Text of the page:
As an intern, you do a lot of observing. You have the opportunity to sit back and watch as every piece of the puzzle is laid out. When I stepped into juvenile court for the first time more than eight years ago, I was unprepared for what was about to happen. My knowledge up to that point had come from books and told stories of foster care.
I remember the teenage boy who was part of the court case that would unfold before me. He had a number of other siblings also in care at the time, but there was a difference between this one child and his siblings. All of them were in the process of being adopted, except him. He had been moved around a lot; seven different placements to be exact.
At one point, he was on track to be adopted by a set of foster parents who were also adopting two of his siblings. Their birth mom had directly surrendered her rights to the foster family. But before the adoption could occur, the placement was disrupted for him. Through all the confusion, the boy was once again moved to another placement, and parental rights went back to his birth mom.
My first day in court was the court date to decide whether or not this mom’s rights would be terminated. There were conflicting ideas of what everyone thought should happen. Some thought parental rights should be terminated to save the boy from having hope only to be let down in the future. Others thought he was not currently stable enough to have another letdown and family member taken away. Those against terminating believed the mother could change; they wanted to give her the second chance that was right in front of her.
I watched as the mother waited to hear the caseworker’s recommendation for the direction of the case. The state recommended that her rights not be terminated. Tears of joy immediately began falling from her eyes.
When I entered the courtroom that day, I thought: No way; there is no way that this mom would get another chance. She already had been given chances, and birth parents don’t change. I had only heard bad stories about birth parents up to this point. Birth parents were always the bad guys in the case. I didn’t believe in her. And I didn’t expect the court to side in this direction. I saw her son, and I thought about all of the trauma that he had experienced. I blamed it on his mom, and I wanted vindication for him.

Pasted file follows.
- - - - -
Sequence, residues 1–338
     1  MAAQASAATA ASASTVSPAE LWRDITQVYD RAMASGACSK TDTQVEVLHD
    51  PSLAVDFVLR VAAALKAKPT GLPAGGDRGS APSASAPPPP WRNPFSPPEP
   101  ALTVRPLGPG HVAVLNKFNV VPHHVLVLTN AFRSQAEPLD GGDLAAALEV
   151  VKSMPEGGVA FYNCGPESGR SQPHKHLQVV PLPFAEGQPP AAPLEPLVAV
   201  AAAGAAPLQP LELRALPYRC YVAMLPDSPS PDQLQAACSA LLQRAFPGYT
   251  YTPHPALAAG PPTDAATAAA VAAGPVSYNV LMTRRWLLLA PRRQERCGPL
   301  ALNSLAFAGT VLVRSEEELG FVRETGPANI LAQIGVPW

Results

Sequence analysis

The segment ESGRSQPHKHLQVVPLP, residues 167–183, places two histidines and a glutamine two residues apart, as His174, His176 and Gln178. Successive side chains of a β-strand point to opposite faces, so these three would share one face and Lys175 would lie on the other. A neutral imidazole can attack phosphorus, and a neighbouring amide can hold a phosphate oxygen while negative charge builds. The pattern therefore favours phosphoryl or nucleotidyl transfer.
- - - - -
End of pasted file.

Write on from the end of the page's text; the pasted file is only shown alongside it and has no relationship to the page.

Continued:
But what did he want? He still wanted his mom.
And his mom? His mom still wanted a chance to care for her son.
Her tears of joy came from the hope that this decision gave her.
Someone was on her side; someone believed in her.
I know that cases are messy and that there is so much brokenness in foster care. I know that it’s a challenge to sort through what the best decision is, and honestly, I still don’t know in this case as I think back years later.
But this case and this mom changed me. Her look in hearing that she would get another chance made me question my firm position that birth parents are bad. It made me stop, take a step back, and consider this case from her view.
I think about all of the times where I’m struggling to believe something good about myself, and the moment that someone else validates for me that they are with me and that I have value and worth. They believe in me though I’m not quite sure I believe in myself.
And I press forward because of their belief.
Don’t we all need this—to be reminded that someone is on our side?
God’s Word shows us this daily. Psalm 139:13 reminds us that God intentionally crafted us; he knew what he was doing in making us. His hand was on our existence the whole time.
“For you created my inmost being; you knit me together in my mother’s womb.”
At this moment, this mom was experiencing a glimpse of God’s perfect love for her, and for that, I’m thankful.
Today with a lot of growth from the Lord, I believe in birth parents. I believe that this beautiful woman who was created by the Lord, who was knit with His very own two hands, needed my love, my prayers, and my encouragement just as much as each one of her children did.
Oh, hear me in this, neglect and abuse are serious, and the foster care system has a vital role to play in making sure that we do our part this side of heaven to care for children.
But, in this case, I hadn’t thought to consider that this mom was a real person with real feelings and real pain that was as complex as the case itself. I thought my tears would be for the boy, and they were, but they were also for his mom.
So I challenge you, rather than merely pouring on blame and guilt, will you pray for a birth parent who is going to court today? I’m not minimizing their role in the hurt; I’m simply asking us to see birth parents as people who need the radical love of Jesus and the change that can only come from Him.
Let’s be part of that.
Jillian has a passion for building relationships and loving people well. She desires to see the Church mobilized to support and step into the lives of those affected by foster care. As a foster mom, she is currently relying on donuts, coffee, and JESUS!
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